Mugabe had to figure it would end like this.
Actually, he probably thought it would end worse than this.
It is a tragedy what Mugabe did to his country. A country adjacent to South Africa which is a regional economic powerhouse. A country with huge agricultural resources. But the anti-colonialist blew it up.
Mugabe supporters seemed disinclined to fight to defend him. Tinashe Murisi, washing a car emblazoned with a picture of Mugabe in the poor township of Mbare a few minutes from the city center, said: “All I need is peace in the country and the rest we don’t have to get involved in that what does not concern us.”
Whatever the final outcome, the events could signal a once-in-a-generation change for the southern African nation, once a regional bread-basket, reduced to poverty by an economic crisis Mugabe’s opponents have long blamed on him.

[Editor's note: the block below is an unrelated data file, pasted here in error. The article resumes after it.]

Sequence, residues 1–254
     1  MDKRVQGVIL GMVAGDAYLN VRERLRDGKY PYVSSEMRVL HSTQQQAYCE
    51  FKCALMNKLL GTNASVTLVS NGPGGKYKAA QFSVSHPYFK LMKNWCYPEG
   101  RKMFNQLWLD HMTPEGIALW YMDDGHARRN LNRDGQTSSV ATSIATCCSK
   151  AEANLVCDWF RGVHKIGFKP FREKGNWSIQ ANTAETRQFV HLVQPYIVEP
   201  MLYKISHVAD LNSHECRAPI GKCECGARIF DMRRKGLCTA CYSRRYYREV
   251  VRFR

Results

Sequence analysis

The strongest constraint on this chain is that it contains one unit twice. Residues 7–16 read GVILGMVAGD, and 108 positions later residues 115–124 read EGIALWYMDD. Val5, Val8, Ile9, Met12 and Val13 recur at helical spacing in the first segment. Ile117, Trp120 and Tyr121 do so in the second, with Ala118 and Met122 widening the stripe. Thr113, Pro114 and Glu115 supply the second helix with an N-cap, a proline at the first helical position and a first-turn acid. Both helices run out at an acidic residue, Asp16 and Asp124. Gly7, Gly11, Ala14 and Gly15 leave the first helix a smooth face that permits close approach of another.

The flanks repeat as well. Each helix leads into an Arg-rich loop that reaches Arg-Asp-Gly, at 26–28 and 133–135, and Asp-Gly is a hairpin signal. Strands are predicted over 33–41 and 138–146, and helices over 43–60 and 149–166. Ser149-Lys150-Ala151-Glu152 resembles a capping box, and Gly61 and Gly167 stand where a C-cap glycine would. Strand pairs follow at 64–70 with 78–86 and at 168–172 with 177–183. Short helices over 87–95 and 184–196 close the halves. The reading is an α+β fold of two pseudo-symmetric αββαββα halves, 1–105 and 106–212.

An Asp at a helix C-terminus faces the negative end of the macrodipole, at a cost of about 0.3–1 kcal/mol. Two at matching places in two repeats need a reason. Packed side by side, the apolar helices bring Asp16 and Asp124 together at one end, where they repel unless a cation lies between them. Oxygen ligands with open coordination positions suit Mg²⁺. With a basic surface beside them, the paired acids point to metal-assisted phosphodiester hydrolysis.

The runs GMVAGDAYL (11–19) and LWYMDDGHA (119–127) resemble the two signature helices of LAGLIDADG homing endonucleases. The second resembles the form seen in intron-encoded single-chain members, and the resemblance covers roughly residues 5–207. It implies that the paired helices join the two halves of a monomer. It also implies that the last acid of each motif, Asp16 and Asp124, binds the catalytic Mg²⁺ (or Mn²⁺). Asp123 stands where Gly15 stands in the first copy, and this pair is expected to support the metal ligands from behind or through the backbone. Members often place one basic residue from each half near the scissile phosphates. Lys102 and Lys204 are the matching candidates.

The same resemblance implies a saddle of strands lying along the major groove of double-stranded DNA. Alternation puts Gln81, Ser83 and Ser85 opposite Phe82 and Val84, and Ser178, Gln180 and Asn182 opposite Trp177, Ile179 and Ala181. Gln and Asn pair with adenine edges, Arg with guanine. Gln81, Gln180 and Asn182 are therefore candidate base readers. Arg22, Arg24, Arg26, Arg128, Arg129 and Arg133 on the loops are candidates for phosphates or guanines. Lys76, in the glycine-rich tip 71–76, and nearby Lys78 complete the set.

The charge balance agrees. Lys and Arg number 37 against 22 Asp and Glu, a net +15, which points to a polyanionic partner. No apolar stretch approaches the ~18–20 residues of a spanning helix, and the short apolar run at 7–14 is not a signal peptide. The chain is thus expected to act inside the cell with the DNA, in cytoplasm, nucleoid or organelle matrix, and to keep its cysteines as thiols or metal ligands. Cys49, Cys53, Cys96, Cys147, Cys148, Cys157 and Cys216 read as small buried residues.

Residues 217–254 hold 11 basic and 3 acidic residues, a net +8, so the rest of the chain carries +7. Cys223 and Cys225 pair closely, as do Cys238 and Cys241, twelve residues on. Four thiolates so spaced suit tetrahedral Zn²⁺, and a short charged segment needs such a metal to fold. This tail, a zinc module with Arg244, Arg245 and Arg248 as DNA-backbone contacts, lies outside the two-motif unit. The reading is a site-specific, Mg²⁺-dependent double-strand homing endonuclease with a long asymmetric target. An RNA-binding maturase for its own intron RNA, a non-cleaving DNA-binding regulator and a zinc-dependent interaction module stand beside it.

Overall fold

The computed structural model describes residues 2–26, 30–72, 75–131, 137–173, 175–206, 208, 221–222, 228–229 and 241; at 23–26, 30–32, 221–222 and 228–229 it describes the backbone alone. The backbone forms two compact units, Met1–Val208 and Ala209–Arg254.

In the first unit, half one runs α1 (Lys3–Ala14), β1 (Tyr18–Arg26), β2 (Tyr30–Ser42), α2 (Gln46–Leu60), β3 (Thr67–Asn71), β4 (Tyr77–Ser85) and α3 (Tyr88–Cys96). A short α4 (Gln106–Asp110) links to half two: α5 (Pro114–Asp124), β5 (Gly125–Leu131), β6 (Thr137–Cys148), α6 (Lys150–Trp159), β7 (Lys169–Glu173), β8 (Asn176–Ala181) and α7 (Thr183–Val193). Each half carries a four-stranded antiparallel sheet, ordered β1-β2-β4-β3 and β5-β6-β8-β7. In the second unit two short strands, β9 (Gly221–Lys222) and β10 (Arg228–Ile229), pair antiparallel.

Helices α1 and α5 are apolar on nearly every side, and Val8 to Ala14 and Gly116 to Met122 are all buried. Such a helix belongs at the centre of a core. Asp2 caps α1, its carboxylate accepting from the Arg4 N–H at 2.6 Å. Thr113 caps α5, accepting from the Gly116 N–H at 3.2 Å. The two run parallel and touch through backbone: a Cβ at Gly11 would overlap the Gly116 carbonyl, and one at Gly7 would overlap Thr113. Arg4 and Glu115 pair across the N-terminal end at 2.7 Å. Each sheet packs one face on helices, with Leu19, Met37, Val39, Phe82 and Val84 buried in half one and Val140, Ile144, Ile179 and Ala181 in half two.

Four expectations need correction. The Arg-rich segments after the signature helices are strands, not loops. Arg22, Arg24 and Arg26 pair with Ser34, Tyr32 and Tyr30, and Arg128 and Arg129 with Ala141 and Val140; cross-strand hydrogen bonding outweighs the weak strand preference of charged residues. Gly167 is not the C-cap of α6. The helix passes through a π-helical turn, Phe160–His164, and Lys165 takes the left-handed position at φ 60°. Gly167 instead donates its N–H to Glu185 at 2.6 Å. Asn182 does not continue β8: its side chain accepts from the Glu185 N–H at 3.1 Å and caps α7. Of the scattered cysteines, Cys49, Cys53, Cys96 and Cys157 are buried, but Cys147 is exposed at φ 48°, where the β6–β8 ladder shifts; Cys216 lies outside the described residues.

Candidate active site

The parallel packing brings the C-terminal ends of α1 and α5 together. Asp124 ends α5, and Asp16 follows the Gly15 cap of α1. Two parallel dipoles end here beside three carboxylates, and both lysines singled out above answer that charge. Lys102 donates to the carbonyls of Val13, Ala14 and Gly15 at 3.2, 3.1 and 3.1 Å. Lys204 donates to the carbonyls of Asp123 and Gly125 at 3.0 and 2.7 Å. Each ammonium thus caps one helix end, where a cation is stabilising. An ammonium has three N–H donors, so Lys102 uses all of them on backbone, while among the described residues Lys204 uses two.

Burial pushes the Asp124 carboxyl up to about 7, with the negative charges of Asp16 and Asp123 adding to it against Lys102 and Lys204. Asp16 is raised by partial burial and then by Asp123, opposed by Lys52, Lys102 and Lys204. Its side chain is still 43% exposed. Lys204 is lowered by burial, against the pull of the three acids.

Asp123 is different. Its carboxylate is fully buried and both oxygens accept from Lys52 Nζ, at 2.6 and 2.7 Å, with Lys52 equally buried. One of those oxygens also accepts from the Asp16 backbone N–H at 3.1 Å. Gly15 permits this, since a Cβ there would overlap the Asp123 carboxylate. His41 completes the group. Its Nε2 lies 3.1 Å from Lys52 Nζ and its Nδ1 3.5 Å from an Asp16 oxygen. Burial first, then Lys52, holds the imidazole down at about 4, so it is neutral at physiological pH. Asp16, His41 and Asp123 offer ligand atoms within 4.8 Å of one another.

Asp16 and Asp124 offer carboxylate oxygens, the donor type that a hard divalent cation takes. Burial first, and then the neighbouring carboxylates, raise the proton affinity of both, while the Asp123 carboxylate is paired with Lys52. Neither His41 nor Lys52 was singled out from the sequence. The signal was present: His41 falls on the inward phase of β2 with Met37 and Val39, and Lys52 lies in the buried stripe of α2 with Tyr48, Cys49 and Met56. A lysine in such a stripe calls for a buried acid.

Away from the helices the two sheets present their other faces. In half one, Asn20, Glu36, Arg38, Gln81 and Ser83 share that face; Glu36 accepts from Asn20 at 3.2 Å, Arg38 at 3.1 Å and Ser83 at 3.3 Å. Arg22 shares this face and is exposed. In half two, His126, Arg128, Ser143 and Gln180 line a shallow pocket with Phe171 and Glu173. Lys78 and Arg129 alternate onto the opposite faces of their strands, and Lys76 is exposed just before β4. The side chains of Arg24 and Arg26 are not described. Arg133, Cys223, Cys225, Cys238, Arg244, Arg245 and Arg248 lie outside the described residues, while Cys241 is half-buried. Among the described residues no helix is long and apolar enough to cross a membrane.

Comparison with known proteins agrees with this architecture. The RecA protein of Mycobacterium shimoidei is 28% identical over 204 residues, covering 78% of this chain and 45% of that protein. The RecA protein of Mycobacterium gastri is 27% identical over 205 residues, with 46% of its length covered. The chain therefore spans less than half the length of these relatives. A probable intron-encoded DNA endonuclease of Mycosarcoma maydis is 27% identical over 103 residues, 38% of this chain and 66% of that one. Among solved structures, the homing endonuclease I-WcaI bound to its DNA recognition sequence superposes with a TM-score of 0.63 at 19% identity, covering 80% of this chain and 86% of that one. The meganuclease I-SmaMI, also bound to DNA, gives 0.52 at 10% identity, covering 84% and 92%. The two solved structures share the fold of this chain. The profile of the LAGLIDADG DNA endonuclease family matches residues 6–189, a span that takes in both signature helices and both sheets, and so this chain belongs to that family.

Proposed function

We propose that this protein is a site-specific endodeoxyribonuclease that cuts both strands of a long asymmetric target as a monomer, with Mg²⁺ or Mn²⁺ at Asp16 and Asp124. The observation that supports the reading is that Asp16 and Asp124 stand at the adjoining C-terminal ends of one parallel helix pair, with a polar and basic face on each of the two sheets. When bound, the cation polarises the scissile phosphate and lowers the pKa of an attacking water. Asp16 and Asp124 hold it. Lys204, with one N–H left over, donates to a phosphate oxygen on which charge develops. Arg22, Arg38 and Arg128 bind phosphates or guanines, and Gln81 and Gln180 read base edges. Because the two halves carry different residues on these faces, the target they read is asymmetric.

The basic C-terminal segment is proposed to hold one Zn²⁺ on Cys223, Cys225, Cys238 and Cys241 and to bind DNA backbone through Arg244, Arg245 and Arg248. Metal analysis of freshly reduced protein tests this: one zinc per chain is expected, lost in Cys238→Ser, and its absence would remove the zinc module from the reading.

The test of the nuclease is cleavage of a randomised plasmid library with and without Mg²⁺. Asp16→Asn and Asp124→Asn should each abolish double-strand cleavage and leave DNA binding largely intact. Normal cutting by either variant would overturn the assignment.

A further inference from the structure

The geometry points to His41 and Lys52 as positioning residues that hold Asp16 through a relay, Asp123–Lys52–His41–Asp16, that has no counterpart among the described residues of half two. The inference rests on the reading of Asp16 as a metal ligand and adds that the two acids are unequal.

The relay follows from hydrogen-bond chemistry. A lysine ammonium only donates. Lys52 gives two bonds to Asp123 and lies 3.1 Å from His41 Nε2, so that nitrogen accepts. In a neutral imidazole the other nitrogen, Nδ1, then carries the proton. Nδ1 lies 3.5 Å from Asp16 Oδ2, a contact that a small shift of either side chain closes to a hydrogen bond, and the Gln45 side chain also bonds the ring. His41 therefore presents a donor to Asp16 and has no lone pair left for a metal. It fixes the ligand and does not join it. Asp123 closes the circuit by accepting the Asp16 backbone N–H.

Even many of Mugabe’s most loyal supporters over the decades had come to oppose the rise of his wife, who courted the powerful youth wing of the ruling party but alienated the military, led by Mugabe’s former guerrilla comrades from the 1970s independence struggle.
“This is a correction of a state that was careening off the cliff,” Chris Mutsvangwa, the leader of the liberation war veterans, told Reuters. “It’s the end of a very painful and sad chapter in the history of a young nation, in which a dictator, as he became old, surrendered his court to a gang of thieves around his wife.”